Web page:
Treviso have featured in every Heineken Cup but have never made it passed the pool stages. They have a strong side though, with 25 international players in the squad and would be underestimated at the other teams’ peril. 
MUNSTER are also going though a transitional period, being without Ronan O’Gara for the first time in 15 years! O’Gara has had a huge influence in Munster and on rugby. He has the highest points record of any player in club competition, with over a 1,000 points and has been a great servant for Munster over the years. 
Doug Howlett is another player that has retired and he also contributed so much to the Munster side. On the plus side, Paul O’Connell is back on form, having missed most of last season and Conor Murray is turning into a great scrum-half. They also have great attacking players in Simon Zebo and Keith Earls.
Munster had the best record of any Irish province last year, making it to the semi-finals of last year’s Heineken, before losing 14-10 to Clermont. They’re having a great run in the Rabo this season, currently placing 2nd and will be buoyed by their recent win against Leinster. They have an easier pool than the other provinces.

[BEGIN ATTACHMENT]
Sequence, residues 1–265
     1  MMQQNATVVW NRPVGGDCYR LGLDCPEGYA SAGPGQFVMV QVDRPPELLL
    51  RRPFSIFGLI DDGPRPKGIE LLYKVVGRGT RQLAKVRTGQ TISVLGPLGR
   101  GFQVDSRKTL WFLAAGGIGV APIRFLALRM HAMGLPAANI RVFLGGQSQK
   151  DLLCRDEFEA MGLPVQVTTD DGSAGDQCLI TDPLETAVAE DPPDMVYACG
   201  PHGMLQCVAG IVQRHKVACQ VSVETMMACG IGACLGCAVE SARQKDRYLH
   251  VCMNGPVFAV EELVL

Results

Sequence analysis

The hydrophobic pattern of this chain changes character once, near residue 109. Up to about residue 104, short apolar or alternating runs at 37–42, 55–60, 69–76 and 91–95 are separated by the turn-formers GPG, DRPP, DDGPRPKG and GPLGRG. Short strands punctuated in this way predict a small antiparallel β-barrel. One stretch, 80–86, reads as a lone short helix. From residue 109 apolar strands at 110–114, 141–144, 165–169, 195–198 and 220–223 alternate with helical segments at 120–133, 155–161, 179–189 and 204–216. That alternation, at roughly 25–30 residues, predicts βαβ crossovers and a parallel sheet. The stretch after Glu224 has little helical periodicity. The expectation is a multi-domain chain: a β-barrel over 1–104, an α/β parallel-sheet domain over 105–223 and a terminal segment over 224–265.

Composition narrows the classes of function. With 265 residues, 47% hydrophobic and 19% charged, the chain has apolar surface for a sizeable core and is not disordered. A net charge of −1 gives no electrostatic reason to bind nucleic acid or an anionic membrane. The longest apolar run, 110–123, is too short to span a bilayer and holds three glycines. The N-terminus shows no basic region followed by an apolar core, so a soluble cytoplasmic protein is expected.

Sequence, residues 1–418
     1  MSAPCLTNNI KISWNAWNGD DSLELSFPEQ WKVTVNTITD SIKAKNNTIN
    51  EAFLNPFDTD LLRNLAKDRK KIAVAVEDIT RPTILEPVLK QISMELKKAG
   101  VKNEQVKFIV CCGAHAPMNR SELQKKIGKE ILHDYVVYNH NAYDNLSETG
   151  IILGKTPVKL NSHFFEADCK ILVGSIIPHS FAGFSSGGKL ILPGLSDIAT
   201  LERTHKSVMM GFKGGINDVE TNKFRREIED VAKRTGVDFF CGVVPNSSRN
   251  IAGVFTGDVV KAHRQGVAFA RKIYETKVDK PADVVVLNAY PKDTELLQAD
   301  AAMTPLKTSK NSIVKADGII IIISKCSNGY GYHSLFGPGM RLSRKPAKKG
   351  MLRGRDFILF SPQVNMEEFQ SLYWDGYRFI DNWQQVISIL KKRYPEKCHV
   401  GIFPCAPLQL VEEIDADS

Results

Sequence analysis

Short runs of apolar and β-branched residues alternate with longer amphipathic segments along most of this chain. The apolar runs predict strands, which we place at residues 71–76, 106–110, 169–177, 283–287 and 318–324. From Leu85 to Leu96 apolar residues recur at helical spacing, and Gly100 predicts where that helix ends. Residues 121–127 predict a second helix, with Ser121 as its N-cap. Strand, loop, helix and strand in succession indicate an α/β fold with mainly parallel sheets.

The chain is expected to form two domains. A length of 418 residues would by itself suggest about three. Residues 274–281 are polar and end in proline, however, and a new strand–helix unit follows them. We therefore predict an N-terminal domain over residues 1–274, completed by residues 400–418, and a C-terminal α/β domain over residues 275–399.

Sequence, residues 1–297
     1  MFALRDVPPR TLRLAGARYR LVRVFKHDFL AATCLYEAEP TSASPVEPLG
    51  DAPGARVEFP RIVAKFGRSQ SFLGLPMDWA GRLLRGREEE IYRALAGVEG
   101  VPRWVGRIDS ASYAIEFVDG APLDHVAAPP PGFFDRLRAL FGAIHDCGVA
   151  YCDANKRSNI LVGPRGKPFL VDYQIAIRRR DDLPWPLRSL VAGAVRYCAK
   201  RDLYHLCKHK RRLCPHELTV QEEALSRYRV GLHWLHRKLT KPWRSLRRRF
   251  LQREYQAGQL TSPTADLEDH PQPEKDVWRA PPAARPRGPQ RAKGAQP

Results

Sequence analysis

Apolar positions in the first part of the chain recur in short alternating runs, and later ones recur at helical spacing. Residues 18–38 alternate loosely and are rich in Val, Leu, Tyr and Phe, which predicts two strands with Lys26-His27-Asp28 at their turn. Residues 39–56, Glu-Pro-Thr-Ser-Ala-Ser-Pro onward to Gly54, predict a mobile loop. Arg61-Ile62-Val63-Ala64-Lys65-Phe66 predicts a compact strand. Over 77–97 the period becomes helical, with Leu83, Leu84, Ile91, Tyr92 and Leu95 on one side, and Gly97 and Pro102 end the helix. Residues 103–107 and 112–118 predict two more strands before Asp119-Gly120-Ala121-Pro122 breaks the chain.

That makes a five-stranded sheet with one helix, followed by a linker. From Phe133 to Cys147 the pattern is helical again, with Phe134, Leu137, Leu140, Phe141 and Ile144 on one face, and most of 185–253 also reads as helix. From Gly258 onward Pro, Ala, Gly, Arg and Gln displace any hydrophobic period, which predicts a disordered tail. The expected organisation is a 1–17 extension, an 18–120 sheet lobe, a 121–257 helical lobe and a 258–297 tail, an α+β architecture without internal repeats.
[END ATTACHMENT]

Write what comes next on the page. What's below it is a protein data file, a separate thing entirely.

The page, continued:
Glasgow are Munster’s first opponents (Saturday at 1.30) and are in very good form at the moment, currently top of the Rabo, with 5 wins out of 5. They have a pretty poor record in the Heineken (apart from reaching a semi-final in 2012) but they will want to continue their winning streak.
Perpignan are having a mixed season, ranked 6th in the Top 14. This is their first appearance in the Heineken Cup in a few years so they’ll want to make the most of it.
Gloucester are currently ranked 10th in the Aviva Premiership, having lost 3 of the 5 games so far (won 2). They are an exciting team. Can do damage when they’re on form. 
CONNACHT are in pool 3 with Saracens, Toulouse and Zebre. Saracens and Toulouse are 2 of the favourites to win the Heineken outright. Connacht has a good chance of beating Zebre but is unlikely to shock the 2 heavyweights. Connacht have made improvements each year they’ve been in the Heineken but this might be a quiet tournament for them. 
Last year’s Heineken champions, Toulon are in Pool 2 with Cardiff, Exeter and Glasgow. Toulon are likely to top the pool though the other sides are strong enough. Toulon has a wealth of quality players and are currently top of the Top 14, though they’re not playing well at the moment. They should come alive in the Heineken and will want to defend their crown. 
Jonny Sexton’s new clubs, Racing Metro, are in Pool 4, along with Harlequins, Clermont and the Scarlets. Clermont were beaten in last year’s final, a good side that should top this pool. The other 3 sides are having mixed seasons, with none looking very dangerous. 
Interestingly, 3 of the sides in the pool have Irish connections, with Harlequins coached by Conor O’Shea, Scarlets coached by Simon Easterby and Racing coached by Ronan O’Gara!
All in all, it should be a very exciting tournament!